LONDON (Reuters) - A British businessman who made fake bomb detectors from boxes, plastic handles and glue and sold them internationally for up to 11,000 pounds each ($17,000) was jailed for seven years on Tuesday.
Gary Bolton, 47, was the second Briton in three months to be jailed for selling fake bomb detectors to countries around the world including Iraq, Mexico, Thailand and Egypt.
A court heard the devices made by Bolton were just a box with a handle and completely ineffectual as a piece of detection equipment despite him saying they could detect explosives, drugs, tobacco, ivory and cash.
His company, Global Technical Ltd, made 2-3 million pounds a year between 2007 and 2012 selling the homemade devices to overseas businesses in more than a dozen countries.
Bolton, of Chatham, 35 miles east of London, denied two counts of fraud but was found guilty of making or supplying articles for use in fraud and sentenced at London's Old Bailey court on Tuesday.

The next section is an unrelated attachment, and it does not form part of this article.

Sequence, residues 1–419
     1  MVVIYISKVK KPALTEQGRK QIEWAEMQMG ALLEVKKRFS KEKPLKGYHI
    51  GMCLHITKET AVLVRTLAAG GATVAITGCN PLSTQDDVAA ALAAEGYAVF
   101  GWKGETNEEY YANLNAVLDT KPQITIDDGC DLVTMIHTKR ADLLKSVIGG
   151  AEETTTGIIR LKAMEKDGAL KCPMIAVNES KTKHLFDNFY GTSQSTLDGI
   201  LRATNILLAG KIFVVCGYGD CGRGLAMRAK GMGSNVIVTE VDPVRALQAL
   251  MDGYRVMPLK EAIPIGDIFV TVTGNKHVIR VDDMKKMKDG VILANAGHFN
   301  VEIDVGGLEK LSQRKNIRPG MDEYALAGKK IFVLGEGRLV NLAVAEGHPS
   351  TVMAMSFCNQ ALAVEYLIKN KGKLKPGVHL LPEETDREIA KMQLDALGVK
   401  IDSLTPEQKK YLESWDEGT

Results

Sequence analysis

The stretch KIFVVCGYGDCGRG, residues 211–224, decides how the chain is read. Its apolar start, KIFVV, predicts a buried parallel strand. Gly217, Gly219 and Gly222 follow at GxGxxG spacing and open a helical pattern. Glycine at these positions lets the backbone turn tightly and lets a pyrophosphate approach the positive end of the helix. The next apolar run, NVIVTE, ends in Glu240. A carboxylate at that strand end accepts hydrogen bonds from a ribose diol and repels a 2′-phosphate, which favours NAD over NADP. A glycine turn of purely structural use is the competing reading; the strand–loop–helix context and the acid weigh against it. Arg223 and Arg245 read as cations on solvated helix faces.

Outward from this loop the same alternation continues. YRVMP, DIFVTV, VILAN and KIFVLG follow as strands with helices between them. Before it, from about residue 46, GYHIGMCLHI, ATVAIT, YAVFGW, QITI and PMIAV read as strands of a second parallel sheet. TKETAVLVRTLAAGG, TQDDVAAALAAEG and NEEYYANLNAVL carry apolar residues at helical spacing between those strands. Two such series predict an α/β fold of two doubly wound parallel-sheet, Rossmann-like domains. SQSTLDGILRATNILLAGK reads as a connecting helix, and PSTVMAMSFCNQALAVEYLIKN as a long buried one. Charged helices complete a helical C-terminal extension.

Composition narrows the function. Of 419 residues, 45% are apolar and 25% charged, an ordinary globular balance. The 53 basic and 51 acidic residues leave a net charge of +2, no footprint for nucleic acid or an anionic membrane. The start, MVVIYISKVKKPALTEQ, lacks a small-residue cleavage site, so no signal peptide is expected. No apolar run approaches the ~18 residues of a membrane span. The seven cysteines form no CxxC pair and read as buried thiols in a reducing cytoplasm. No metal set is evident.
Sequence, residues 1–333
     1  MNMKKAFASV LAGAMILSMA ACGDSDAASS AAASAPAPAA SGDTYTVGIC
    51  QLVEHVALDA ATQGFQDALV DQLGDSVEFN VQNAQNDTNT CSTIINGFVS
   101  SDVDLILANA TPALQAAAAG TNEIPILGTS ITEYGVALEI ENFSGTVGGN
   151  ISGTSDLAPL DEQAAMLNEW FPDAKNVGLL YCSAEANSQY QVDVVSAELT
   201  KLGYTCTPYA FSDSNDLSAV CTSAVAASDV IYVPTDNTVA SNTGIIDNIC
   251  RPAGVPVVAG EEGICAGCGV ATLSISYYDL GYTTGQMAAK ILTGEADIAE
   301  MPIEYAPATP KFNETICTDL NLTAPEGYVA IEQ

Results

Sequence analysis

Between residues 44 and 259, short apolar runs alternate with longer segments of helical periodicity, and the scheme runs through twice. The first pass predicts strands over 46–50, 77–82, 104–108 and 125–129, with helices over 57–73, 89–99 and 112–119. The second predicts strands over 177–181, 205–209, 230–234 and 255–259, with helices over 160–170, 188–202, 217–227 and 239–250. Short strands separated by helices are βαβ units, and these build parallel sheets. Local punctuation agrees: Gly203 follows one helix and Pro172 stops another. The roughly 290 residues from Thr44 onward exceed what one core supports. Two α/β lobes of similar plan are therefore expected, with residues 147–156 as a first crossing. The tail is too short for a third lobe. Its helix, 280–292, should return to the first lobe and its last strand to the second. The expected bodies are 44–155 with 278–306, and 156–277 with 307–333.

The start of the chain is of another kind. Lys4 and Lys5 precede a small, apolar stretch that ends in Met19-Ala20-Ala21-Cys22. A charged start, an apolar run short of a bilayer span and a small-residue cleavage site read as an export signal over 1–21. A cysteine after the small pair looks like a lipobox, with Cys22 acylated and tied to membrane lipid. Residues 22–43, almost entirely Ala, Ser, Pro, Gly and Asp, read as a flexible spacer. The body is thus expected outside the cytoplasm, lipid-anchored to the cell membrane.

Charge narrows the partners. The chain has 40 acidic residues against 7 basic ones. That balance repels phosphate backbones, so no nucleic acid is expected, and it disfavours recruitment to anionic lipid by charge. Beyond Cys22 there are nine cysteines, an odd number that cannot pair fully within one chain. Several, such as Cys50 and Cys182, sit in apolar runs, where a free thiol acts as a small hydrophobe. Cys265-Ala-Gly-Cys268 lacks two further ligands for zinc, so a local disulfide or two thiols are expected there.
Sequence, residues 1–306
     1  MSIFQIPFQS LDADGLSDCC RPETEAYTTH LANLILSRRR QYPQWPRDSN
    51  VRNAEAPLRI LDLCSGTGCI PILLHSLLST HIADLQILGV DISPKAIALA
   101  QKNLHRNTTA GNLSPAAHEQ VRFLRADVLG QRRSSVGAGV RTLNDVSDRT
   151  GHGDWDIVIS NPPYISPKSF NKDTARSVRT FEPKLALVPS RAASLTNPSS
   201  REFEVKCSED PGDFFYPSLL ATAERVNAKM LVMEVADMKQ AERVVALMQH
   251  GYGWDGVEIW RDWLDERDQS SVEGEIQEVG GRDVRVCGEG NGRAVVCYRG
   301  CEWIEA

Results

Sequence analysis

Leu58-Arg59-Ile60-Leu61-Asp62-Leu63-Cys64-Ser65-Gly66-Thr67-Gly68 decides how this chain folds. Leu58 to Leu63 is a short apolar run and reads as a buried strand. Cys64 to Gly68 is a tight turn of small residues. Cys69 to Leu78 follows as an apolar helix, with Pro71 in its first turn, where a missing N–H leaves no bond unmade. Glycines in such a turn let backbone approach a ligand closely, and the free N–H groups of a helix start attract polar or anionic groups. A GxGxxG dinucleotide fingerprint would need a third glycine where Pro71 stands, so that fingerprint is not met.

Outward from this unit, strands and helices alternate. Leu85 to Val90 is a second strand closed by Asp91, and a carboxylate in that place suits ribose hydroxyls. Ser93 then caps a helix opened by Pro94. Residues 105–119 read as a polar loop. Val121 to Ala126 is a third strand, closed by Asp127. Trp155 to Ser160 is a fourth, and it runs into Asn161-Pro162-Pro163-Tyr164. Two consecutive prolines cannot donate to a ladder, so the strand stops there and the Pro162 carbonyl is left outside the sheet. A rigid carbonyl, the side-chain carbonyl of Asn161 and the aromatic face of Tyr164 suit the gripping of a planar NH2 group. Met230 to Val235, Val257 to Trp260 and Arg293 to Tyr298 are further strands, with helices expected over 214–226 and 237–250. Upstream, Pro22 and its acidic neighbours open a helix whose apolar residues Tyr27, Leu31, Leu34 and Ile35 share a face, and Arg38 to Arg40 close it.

"Your culpability is of the highest level ... this device did materially increase the risk of personal injury and death," said Judge Richard Hone, whose comments were reported on the court's website.
The prosecution told the court that Bolton had at his house another fake bomb detector made by Briton James McCormick, a former policeman and salesman from Somerset, in southwestern England, who was jailed for fraud in May, media said.
McCormick was sentenced to 10 years jail for manufacturing and selling hand-held detectors to countries at risk from bomb attacks such as Iraq, Egypt, and Kenya.
A judge described him as having "blood on his hands" for selling the detectors which were based on a $20 novelty machine for finding lost golf balls and had no working components.
Reporting by Belinda Goldsmith; Editing by Alison Williams